According to Simmons, the root of the problem among black men who have sex with men (MSM) was not solely their departure from safer sex practices; rather, it was the loss of affirmation that their lives were worth protecting. Otherwise, he argued, if black gay men don't care or have pride in who they are, it doesn't matter whether they know how to protect themselves or not. Taking heed of Simmons' advice and with his blessing, Briggs set out to relaunch the White Attire Affair under a new organization with a new mission, again enlisting the help of producer, Alvin B. King.
After a year hiatus in 2008, during which Briggs "cleaned house" in order to set the organization back on the right track, the White Attire Affair was reborn on Saturday under the aegis of the newly formed entity, Al Sura, literally meaning "new chapter" in Arabic.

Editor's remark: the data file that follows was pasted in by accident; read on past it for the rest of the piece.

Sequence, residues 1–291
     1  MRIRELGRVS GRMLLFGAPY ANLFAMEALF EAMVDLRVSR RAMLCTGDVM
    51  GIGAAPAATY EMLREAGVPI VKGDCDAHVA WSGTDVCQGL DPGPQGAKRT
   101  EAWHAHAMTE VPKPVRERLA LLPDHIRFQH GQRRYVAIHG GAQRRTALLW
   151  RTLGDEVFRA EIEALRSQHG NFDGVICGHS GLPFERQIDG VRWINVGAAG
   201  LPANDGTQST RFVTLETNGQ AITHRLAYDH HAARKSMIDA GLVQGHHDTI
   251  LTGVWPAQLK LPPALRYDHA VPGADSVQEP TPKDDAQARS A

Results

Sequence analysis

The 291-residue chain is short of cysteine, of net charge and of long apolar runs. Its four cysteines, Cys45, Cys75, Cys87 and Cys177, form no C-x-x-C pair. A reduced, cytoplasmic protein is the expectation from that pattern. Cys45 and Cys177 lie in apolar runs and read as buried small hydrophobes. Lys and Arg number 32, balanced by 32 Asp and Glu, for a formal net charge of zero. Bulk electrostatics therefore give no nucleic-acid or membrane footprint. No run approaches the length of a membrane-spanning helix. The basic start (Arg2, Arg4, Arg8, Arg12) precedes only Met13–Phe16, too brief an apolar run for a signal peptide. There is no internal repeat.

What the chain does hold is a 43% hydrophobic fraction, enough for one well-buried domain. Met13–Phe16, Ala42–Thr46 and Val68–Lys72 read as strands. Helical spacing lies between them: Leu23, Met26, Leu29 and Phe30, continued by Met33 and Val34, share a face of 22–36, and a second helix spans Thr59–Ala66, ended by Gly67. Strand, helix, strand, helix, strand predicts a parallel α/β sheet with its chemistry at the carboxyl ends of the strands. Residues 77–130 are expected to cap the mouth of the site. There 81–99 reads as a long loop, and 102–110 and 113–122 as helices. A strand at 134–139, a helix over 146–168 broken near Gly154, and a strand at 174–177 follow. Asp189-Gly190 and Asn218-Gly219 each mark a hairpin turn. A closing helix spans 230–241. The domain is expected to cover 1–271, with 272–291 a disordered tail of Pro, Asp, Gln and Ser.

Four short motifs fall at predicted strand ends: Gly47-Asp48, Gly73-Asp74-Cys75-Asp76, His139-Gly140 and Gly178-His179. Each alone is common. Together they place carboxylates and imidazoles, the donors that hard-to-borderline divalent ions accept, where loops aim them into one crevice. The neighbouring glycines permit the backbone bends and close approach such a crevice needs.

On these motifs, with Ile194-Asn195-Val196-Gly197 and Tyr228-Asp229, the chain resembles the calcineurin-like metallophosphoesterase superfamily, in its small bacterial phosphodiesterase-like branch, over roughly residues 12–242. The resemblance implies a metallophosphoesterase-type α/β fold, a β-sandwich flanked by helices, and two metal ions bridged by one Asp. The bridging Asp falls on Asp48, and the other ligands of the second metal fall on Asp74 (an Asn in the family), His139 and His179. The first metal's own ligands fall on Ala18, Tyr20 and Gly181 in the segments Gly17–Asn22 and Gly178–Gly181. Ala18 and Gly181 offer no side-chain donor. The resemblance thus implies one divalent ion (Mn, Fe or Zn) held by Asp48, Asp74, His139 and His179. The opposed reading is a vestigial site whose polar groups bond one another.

Although the first era of the Affair was dedicated to Briggs' brother, Mark; this time it would be in honor of Briggs' close friend, Patrick Kahozi, who had recently passed away. Additionally, Al Sura Foundation's new web-based research forum for HIV/AIDS-urban related studies, the S. Patrick Kahozi Institute, was named in his honor.
Aptly, the phoenix, a symbol that adorns the Al Sura website and is synonymous with new beginnings and rebirth, was visible throughout the evening, as a reminder of the White Attire Affair's new chapter and mission to refocus and recommit its efforts to promote HIV/AIDS awareness within the African-American community. And if Saturday night's success is any indication, its new management team can rest assured that Al Sura will certainly be successful in this mission.
The 2009 Affair was a true celebration of black gay culture, bringing it out of the darkness and shining on it a bright white light of affirmation. It was a firm step in the direction of turning the tide on the skyrocketing incidence of HIV, reflecting Al Sura's four core values of integrity, trust, connection and cultural awareness, most critical to this effort.
Briggs certainly got it right this time around in his charge to "recommit [Al Sura's] journey to the cause of HIV." With great emotion and enthusiasm he quoted Barack Obama, saying that "If there's any doubt that God is with us in this House; well tonight, here's your answer."